No VPN: You will authenticate using the IU Login screen before being taken into the resource.

3. These proxied links all end with proxyiub.uits.iu.edu/ or begin with https://proxyiub.uits.iu.edu/login?url= 

In-Depth Explanation

Here are three click path journeys to get to the academic database JSTOR:

Journey #1

  1. Search for “jstor” using your favorite search engine.
  2. Click on the first result, which is likely www.jstor.org.
  3. Do a search for the article you want and click on the result.
  4. Get asked to pay for full text access.

Journey #2

  1. Do a keyword search in your favorite search engine or Google Scholar.
  2. Find an article in a journal found in JSTOR.
  3. Click on the article.
  4. Get asked to pay for full text access.

Journey #3

  1. Go to the IU libraries website.
  2. Find JSTOR in the footer of every web page OR under “J” in the Resources A-Z list.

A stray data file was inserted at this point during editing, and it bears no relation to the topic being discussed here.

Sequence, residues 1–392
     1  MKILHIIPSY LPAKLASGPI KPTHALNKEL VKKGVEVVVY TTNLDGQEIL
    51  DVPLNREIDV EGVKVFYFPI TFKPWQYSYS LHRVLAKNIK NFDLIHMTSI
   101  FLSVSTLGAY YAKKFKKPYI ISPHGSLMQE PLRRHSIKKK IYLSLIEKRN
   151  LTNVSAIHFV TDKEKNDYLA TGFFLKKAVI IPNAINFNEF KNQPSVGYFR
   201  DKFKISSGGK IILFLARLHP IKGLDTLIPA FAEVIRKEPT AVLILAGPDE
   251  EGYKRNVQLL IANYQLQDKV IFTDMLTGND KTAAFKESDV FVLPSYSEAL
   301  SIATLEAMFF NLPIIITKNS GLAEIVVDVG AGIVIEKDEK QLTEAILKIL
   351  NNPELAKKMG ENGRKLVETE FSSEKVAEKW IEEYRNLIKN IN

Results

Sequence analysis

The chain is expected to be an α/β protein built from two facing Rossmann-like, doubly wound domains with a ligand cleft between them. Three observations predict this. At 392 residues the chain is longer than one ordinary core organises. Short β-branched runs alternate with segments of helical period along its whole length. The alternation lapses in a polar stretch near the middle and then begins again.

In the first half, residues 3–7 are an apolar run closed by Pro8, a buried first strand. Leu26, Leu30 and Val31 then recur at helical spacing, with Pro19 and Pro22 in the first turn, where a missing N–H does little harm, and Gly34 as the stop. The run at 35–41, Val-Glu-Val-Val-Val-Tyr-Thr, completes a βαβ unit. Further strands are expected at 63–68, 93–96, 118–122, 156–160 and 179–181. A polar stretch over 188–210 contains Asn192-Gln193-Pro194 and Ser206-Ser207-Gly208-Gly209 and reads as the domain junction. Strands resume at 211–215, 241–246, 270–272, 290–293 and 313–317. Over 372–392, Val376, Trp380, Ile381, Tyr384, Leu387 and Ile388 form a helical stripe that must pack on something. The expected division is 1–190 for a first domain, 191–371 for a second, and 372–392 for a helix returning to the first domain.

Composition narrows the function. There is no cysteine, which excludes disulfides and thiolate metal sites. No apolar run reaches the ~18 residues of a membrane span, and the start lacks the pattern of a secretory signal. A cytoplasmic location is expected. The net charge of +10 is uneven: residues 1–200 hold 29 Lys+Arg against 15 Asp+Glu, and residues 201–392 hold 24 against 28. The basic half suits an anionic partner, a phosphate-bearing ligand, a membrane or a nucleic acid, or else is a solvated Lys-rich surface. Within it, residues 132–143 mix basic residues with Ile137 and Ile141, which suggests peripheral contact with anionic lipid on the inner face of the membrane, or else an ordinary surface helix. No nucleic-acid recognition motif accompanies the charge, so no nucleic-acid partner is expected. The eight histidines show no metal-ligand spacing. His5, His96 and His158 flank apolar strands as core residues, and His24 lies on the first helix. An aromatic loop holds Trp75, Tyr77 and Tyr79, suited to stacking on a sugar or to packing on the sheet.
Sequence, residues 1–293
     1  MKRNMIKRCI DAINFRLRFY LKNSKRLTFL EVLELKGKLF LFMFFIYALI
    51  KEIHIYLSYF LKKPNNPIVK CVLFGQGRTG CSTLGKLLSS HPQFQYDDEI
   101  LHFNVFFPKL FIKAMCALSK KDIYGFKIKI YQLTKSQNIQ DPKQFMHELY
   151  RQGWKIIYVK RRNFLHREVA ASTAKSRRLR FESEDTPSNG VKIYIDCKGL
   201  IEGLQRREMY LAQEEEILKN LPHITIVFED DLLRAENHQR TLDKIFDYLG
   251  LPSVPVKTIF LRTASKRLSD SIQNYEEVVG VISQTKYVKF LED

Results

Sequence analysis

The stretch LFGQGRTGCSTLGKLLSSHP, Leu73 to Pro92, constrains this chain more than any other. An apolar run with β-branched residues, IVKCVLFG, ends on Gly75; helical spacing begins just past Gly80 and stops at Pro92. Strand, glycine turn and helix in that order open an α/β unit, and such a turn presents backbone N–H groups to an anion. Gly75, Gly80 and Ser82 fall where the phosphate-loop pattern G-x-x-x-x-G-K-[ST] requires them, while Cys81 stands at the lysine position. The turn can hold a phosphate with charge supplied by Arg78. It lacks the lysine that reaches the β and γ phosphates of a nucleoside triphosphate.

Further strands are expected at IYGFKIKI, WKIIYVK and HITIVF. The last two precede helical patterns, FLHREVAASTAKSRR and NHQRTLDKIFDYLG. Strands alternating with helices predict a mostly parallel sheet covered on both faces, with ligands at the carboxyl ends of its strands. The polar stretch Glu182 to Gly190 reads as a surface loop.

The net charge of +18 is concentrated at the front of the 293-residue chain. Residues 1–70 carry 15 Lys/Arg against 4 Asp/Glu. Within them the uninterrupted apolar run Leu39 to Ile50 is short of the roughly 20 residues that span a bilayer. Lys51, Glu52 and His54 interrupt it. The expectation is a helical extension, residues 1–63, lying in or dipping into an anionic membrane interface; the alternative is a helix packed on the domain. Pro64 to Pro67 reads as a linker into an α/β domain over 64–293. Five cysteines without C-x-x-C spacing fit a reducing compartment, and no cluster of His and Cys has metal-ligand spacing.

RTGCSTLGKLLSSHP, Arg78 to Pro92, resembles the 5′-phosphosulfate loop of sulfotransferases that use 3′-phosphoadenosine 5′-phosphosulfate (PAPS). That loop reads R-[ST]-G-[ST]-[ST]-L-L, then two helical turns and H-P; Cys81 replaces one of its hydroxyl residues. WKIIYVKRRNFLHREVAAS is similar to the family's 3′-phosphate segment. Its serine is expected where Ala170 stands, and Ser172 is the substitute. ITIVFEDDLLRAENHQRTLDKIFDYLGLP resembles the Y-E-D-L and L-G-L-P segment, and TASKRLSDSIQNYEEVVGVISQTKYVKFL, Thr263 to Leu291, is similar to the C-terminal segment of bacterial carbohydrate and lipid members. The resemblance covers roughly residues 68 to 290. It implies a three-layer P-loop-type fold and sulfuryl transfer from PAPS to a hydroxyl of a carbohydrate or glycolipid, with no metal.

3. Click on JSTOR and go to https://www-jstor-org.proxyiub.uits.iu.edu/ .
  4. If using a VPN, you’ll probably be taken directly to JSTOR. Otherwise, you might need to authenticated using IU Login.
  5. Access all the full text content IU subscribes to!

The only way you have consistent, full access to IU-purchased content is through the proxied version of the resource, as seen in journey #3. Using a regular search engine, like Google, will not route you through the proxied version of the resource to ensure you have full text access as an IU faculty/staff/student.

What about Google Scholar?

Google Scholar isn’t a database that IUB subscribes to but it is possible to access IU-purchased online resources in Google Scholar using proxied links IF you are properly authenticated. Watch this video made by the IU Libraries Teaching and Learning department to learn the two different ways to use Google Scholar to access IU-purchased online resources.